Villar: Become a leader, not just an employee

/ 07:52 AM March 03, 2012

To become leaders, Filipinos shouldn’t be contented with being employees, said Sen. Manuel Villar yesterday.

“Our culture is so secure just following. We are a nation of employees. We have to stop that way of thinking. It’s about time we change that mind-set. We can lead, we can be independent,” he said during the Gullas Leadership Lecture Series at the Cebu Country Club.


The lecture series is sponsored by the University of the Visayas (UV). Its first lecturer last month was Sen. Juan Ponce Enrile.

Villar, who ran for president in 2010, said Filipinos need sincere, independent leadership to move the country forward.


Poverty should not be an obstacle.

“I didn’t know I could be a leader. I just wanted to get out of poverty, get my sisters to school, help my mother. But I realized that in all the organizations I joined, I ended up the leader. Then I was elected,” Villar said.

The senator grew up in the slums of Tondo, Manila, and worked his way up by selling fish and bread.

Villar then became a sand and gravel contractor, which opened opportunities for him to enter into housing development.

Villar told participants that success means being persistent, working hard and standing up every time one falls.

The youth shouldn’t be contented being employees; they should aim to be their own bosses, he said.

“Do not assume that if you are poor, you cannot be a leader. Just show sincerity, do your work well and your peers will see it and elect you as a leader,” the senator said.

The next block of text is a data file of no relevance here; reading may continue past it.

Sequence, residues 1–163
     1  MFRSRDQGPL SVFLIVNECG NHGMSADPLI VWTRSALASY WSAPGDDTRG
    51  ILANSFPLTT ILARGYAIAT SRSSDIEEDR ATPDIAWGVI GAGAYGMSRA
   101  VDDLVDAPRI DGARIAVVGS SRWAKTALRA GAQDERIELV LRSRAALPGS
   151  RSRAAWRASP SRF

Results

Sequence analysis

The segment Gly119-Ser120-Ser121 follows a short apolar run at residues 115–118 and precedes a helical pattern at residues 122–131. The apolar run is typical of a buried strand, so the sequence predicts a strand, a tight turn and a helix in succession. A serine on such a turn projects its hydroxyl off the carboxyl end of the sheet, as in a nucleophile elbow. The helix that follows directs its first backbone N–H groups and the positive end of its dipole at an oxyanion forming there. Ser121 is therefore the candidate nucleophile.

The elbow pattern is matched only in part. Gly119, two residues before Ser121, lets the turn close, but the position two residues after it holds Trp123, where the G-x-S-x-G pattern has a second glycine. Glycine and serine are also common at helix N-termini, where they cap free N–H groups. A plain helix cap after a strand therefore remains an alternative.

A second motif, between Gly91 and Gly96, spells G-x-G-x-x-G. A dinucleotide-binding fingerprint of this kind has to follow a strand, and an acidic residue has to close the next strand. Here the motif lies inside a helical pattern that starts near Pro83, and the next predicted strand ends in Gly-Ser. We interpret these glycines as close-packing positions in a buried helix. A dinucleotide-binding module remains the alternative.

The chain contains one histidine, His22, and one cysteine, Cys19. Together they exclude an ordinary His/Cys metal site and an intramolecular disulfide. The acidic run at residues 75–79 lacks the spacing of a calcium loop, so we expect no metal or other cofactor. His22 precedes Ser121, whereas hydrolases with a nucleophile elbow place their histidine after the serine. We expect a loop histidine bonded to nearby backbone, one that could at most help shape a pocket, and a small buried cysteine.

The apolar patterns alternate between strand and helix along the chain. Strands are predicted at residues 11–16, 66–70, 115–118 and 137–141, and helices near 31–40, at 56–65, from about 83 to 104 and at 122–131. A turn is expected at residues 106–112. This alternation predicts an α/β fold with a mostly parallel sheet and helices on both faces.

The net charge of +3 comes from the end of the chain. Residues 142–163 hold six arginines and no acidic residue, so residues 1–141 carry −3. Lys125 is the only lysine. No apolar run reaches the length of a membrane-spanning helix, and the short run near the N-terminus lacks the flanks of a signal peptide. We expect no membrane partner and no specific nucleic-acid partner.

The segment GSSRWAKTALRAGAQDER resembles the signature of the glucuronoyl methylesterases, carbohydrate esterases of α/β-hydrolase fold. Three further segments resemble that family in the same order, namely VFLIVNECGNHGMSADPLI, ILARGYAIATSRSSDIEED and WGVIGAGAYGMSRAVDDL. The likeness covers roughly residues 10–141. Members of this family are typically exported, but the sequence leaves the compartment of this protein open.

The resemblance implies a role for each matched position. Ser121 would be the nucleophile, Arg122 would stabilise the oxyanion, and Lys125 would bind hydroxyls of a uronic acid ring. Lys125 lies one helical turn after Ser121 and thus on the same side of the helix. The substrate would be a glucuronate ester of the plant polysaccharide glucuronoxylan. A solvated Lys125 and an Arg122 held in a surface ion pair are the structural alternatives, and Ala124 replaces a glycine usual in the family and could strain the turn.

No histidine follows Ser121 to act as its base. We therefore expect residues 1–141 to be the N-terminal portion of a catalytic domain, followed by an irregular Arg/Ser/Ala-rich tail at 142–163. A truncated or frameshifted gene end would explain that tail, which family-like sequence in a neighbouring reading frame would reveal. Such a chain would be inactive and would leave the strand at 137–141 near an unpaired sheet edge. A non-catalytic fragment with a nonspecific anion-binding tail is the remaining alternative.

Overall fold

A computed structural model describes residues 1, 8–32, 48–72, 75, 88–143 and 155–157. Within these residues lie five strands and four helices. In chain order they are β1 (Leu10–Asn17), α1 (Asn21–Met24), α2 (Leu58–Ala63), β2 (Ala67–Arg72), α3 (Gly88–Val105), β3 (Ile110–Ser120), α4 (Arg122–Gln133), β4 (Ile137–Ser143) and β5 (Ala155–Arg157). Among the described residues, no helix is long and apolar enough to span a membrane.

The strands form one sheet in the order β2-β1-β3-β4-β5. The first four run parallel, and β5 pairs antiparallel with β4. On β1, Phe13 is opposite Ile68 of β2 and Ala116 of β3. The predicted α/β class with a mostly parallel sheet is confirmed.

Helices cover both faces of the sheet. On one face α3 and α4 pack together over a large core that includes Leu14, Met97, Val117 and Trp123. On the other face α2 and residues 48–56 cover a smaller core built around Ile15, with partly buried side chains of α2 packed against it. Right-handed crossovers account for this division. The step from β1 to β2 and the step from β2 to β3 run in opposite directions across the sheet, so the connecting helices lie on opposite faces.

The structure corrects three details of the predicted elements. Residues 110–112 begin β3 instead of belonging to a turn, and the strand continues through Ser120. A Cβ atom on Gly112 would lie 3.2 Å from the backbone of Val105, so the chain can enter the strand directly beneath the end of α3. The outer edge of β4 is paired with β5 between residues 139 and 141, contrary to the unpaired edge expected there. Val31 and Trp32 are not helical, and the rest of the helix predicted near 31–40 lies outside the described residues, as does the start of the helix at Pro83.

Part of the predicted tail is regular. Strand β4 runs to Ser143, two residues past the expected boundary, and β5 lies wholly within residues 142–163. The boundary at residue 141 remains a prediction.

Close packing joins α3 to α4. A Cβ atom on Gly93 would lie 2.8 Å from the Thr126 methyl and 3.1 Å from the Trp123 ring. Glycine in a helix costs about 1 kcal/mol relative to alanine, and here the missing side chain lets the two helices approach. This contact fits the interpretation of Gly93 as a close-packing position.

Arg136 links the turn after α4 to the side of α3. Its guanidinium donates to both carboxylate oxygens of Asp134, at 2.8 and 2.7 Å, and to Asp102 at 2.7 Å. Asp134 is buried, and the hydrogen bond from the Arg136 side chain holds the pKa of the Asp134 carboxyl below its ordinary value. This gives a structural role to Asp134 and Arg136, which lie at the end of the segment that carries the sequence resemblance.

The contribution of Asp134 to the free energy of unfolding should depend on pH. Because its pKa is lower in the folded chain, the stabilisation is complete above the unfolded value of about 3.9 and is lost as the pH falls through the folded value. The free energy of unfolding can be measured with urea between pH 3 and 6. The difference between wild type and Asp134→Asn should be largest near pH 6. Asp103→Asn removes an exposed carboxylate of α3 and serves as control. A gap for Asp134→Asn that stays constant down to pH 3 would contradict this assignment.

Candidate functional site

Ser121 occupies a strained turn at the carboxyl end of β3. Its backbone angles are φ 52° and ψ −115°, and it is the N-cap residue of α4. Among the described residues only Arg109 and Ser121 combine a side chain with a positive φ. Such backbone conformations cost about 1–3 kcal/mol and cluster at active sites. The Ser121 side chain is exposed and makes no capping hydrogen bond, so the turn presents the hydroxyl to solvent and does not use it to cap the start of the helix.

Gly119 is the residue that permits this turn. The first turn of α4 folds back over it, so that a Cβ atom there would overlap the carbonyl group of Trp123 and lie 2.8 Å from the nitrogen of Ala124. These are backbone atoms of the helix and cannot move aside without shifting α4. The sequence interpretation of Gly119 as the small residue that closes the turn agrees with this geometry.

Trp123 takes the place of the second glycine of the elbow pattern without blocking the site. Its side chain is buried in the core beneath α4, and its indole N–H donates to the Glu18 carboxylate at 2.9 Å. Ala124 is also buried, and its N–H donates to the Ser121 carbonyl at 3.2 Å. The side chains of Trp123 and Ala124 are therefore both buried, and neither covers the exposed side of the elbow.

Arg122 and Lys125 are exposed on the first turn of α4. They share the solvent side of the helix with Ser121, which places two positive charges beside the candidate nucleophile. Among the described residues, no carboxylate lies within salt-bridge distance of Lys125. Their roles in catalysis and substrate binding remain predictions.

Villar said popularity and sentimentality shouldn’t influence Filipinos in voting for leaders, something he said that happened in the 2010 elections.

“We have used emotions and popularity in electing our officials. This is probably the reason we haven’t moved forward in the last decade,” Villar told the audience that included students, government officials and the academe.

The senator ran for president under the Nacionalista Party but lost to Benigno Aquino III, who ran after constant prodding from party mates following the death of his mother former president Corazon Aquino.

Villar said his determination to rise above poverty should inspire youths to do the same.

He said it’s the person’s track record and not popularity that should be the gauge in electing a leader.

“Look at the person. Has she or he led anything? Has he managed anything? Then that’s the time to decide who we should elect,” he said.

Even if he lost in the 2010 elections, Villar said he isn’t retiring from politics.

He said he will focus on supporting NP candidates and helping others through the Villar Foundation.

Retirement isn’t an option, the senator said.

“Success can be redefined. Sometimes you shift arenas. And working on a nongovernment organization is one area I haven’t led. I haven’t decided really which I will focus on more, business, philanthropy or politics,” Villar said.

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